You can hear it in Tyler Gloe’s voice, which sounds a bit worn: Practicing in intensive care is intense, thoroughly absorbing and never boring, especially during the COVID-19 pandemic.
“It’s like nothing else. It’s a whirlwind,” says the fourth-year DMU osteopathic medicine student in describing his rotation in the intensive care unit at Gundersen Lutheran Medical Center in La Crosse, WI. “There are long days and it can be emotionally draining at times, but you see a great diversity of patients and conditions.”
What those patients have in common is they all require the highest level of care. “It’s almost one-to-one patient/staff support. They’re the kind of patients you can’t walk away from,” he says.
Their care also requires a team approach. “Each member of the ICU team is a specialist. They know so much about saving patients’ lives – the pharmacists, nurses, social workers, doctors,” he says. “There may be 15 to 20 people gathered around when we do rounds. I’m learning so much, especially about ventilator teams.”
Tyler says approximately two-thirds of the patients in the ICU during his rotation were infected with the coronavirus – a troubling situation given how sick patients have to be to be admitted to the unit.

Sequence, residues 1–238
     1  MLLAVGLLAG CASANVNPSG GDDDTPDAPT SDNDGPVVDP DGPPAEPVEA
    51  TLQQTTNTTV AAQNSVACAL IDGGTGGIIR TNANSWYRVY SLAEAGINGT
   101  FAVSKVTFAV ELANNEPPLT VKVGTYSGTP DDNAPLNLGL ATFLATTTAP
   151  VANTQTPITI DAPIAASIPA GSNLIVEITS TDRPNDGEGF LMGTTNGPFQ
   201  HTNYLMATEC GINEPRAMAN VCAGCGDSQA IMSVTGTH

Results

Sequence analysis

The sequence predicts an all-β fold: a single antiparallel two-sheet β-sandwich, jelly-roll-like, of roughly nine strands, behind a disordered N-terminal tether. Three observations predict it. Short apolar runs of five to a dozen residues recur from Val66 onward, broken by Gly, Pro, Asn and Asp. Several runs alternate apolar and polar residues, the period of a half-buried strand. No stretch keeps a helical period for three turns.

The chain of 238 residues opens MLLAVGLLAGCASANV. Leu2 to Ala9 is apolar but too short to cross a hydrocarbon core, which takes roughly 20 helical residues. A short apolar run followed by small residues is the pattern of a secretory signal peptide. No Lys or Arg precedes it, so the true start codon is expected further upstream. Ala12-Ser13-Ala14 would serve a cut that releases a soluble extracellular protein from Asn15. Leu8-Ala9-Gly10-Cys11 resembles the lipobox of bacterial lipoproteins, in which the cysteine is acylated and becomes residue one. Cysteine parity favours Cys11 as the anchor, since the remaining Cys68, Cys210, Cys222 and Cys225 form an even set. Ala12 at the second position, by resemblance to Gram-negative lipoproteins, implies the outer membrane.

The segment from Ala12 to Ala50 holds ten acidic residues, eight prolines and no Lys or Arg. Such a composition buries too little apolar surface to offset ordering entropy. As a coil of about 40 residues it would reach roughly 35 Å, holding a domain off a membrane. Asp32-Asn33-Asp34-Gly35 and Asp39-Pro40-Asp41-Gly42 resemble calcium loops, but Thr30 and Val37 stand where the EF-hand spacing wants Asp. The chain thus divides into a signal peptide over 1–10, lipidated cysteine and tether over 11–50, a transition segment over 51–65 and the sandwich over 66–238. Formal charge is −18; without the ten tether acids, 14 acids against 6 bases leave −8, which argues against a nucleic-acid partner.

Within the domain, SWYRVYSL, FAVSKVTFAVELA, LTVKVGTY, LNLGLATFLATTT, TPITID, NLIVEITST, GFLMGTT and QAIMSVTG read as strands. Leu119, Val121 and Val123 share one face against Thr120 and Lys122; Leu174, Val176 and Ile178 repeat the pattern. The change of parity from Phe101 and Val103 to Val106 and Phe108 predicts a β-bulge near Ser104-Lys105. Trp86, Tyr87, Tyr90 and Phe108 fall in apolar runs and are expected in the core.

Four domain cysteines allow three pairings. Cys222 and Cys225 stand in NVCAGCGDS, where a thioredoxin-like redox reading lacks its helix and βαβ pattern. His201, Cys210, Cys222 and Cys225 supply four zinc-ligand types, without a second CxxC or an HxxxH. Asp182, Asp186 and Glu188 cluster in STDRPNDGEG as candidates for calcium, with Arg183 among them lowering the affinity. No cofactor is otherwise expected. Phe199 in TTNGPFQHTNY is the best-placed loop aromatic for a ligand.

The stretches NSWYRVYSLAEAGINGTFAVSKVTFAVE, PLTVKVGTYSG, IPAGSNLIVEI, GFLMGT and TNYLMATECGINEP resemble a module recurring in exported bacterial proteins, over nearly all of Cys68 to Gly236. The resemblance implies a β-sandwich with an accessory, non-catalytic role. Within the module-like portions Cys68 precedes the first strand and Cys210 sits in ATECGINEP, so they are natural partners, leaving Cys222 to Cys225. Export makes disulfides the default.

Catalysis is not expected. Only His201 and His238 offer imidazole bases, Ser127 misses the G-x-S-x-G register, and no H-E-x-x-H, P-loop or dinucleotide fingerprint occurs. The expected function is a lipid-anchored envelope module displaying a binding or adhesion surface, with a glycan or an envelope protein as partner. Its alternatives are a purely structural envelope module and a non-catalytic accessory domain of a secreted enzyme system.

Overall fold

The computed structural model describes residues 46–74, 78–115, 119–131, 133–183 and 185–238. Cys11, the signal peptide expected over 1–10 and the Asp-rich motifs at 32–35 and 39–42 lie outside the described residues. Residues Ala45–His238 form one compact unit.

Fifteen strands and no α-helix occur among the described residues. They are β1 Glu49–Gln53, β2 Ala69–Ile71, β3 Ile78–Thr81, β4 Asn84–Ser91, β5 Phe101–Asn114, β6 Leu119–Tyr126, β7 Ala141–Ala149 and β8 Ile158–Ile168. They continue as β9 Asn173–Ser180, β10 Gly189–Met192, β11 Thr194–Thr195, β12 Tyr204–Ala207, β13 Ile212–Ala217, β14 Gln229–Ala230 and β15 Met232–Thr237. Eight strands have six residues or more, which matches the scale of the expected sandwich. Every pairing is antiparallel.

“When they get to this stage, often there’s not a lot we can do. You can feel helpless,” he says. “But one of the most rewarding aspects of being in the ICU is getting to know the patients’ families and getting to talk about who the patient is as a person. That’s been the best part of it for me, talking with people and hearing their stories.”
That’s an important part of good patient care, he says. “It’s a cliched thing to say, but I want to treat the patient as I would family. What would Dad want? My brother? Me? I think everyone deserves that level of care,” he notes. “When your loved one is in the hospital, you want to know everything that’s going on.”
Tyler’s other four-week rotations have included infectious disease management and palliative care as well as an internal medicine inpatient subinternship, which have given him exposure to different subspecialties as well as enhanced skills.
“The biggest takeaway for me is having confidence in what I know. I’ve had good training. I might not have all the answers, but I always have resources at my fingertips,” he says. “As a first- and second-year medical student, you can’t imagine being a resident or doctor, but rotations give you a sense of that. There are a lot of sacrifices involved” – he spent one break between rotations at the Boundary Waters, a wilderness area in northeastern Minnesota – “but we signed up for this, and it’s really rewarding.”